H. Ulbrichts Witwe

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  • H. Ulbrichts Witwe

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History


Heinrich Ulbricht took over the Friedrich Arlt & Co. in 1859 after the death of Friedrich Arlt in the same year. Freidrich Arlt & Co. was located at Stefansplatz 628 in Vienna. From the time in which Ulbricht took over the company was renamed H. Ulbricht & A. Kunis Silberplatierwaren und Metallknopffabrik and mainly produced buttons for military uniforms.

In 1869, Heinrich Ulbricht received an order from the Vienna City Council for buttons for the uniforms of the fire brigade and other community employees. Heinrich died in August of the same year and as a result his wife, Eleonora Ulbricht, continued the business. The company name was changed to Heinrich Ulbricht's Widow and operated at Rennweg 84 in Vienna. After the completion of the first order from the Vienna City Council, the contract was extended until 1877.

With the beginning of the Second World War, Heinrich Ulbricht's Widow became an armaments factory with 402 employees and manufactured ammunition. Foreign workers were accommodated in the nearby Mitterberg Castle. After the end of the war, the company was located in the American occupation zone and was under state administration.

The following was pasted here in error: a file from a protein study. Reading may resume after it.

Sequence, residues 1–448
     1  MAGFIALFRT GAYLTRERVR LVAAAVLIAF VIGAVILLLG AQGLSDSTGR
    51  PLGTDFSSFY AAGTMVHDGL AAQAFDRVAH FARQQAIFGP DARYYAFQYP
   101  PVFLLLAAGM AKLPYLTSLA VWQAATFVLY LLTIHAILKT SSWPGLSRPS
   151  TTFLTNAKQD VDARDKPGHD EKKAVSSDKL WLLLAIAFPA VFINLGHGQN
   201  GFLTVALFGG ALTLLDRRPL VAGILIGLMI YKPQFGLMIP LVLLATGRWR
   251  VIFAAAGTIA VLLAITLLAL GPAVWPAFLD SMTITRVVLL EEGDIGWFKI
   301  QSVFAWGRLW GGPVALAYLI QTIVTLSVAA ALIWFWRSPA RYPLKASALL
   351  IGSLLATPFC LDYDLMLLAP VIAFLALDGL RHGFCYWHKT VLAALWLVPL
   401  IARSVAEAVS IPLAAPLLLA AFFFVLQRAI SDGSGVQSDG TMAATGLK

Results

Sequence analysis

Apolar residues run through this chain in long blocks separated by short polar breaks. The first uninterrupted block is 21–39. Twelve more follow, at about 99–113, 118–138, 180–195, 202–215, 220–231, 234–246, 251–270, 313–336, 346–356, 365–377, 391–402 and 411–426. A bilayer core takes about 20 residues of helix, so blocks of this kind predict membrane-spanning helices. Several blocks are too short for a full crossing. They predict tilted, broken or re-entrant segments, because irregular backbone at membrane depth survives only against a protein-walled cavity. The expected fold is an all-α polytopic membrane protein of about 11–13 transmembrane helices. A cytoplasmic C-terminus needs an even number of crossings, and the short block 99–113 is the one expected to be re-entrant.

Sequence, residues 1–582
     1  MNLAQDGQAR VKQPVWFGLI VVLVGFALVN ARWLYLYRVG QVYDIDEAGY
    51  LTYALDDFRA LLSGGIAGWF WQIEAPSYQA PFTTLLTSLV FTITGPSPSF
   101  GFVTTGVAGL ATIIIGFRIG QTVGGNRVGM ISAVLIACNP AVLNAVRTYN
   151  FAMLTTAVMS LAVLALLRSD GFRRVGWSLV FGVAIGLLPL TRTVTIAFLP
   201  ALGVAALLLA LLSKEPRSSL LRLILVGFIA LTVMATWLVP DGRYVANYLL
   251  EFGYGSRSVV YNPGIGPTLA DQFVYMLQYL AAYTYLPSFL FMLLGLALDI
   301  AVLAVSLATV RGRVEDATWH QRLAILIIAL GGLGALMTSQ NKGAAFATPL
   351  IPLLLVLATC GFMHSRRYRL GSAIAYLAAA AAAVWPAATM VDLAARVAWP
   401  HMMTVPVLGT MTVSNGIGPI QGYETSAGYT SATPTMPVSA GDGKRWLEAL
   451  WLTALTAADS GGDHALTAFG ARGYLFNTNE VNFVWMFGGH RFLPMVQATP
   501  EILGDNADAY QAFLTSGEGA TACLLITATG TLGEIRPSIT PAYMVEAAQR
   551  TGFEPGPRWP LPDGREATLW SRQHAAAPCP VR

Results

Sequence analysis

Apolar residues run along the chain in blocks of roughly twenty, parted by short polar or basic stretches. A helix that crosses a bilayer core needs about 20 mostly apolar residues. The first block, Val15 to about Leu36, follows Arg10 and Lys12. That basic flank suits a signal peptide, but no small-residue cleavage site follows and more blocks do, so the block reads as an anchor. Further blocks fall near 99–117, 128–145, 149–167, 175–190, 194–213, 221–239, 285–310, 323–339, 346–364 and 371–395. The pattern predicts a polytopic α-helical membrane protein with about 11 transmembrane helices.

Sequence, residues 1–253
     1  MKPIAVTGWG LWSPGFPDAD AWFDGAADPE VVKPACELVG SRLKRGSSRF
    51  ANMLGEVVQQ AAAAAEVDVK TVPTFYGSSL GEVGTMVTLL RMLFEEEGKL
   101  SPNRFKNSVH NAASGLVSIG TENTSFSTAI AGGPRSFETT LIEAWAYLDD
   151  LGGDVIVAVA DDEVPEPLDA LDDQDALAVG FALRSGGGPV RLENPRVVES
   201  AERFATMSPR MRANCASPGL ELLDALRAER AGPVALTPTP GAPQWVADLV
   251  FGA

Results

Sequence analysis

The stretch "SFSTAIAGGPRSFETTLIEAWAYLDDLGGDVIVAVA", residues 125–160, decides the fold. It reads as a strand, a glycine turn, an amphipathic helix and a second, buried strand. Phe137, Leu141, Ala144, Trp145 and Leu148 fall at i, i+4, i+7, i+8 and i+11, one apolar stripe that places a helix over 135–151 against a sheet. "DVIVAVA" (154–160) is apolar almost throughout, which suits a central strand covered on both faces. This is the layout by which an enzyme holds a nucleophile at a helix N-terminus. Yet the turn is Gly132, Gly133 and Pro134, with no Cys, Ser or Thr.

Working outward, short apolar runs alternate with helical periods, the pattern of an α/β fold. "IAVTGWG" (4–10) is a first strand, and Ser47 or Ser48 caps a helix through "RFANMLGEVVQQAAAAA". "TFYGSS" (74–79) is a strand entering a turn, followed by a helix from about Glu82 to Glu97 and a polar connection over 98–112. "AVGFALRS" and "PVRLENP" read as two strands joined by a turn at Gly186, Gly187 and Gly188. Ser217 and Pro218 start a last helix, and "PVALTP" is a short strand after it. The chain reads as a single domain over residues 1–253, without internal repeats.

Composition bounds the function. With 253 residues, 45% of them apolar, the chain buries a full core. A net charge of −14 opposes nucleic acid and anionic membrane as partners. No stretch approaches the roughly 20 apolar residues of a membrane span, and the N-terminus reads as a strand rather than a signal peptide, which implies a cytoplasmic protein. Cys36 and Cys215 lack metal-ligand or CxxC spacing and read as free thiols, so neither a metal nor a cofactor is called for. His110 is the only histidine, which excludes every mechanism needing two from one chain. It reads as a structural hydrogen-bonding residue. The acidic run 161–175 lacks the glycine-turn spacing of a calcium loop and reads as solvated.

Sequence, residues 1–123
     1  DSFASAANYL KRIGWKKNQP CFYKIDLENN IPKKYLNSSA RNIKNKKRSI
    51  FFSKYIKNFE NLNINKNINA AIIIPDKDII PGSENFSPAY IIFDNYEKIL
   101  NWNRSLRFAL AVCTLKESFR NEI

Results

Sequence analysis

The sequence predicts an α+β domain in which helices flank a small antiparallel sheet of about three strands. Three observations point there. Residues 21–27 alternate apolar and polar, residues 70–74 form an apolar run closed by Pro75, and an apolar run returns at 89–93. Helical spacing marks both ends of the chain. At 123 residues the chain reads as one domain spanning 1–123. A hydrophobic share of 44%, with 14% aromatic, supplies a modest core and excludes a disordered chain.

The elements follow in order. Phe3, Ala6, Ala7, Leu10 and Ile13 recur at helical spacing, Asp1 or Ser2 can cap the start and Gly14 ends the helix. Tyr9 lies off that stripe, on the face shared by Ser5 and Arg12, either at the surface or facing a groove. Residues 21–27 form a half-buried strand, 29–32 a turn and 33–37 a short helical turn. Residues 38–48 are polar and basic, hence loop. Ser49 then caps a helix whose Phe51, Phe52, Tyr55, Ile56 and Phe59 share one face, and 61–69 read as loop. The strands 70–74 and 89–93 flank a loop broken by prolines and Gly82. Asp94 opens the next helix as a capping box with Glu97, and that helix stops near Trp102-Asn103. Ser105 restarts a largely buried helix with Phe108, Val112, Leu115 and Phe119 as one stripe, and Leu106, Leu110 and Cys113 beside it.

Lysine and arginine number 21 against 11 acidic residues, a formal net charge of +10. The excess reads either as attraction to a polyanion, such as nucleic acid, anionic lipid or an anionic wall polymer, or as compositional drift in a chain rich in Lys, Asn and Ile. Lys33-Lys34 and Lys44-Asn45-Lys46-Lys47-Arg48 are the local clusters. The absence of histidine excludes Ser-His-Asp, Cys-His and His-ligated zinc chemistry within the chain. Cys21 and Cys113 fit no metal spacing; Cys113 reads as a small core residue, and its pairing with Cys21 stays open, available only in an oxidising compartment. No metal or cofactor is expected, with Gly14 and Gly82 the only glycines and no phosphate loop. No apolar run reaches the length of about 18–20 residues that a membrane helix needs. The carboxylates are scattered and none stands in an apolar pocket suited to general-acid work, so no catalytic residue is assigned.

In 1959, the Austrian Defense Minister Ferdinand Graf awarded a production order for Leitner-Assmann hand grenades to Heinrich Ulbricht Witwe GmbH, which led to investigations by the Vienna Public Prosecutor's Office. It also gained media attention as some saw it as a violation of the Austrian State Treaty with the Allied occupying powers of 1955.

In 1964, Hans Assmann acquired Mitterberg Castle and began renovations, but the building collapsed in 1969. Between 1969 and 1971, Ulbricht's Widow delivered machines and tools for the production of hand grenades to the Pakistani company Akhtar & Hoffmann. Ulbricht's Widow founded Armaturen GesmbH (Arges), a subsidiary for the production of grenades in 1984 and gained media attention again in 2001 when hand grenades bearing an Arges logo were used in the terrorist attack on the Indian parliament.

Engineer Georg Schapernak acquired the company from his grandfather, Friedrich Willhelm Assmann, in 2000. He parted from the armaments division and in 2005 Rheinmetall took over the Arges from Ulbricht's Widow and renamed the company Rheinmetall Waffen Munition Arges GmbH. The company now makes automotive parts and protective helmets. Some of the companies customers include Mercedes, Audi, BMW and Volkswagen.


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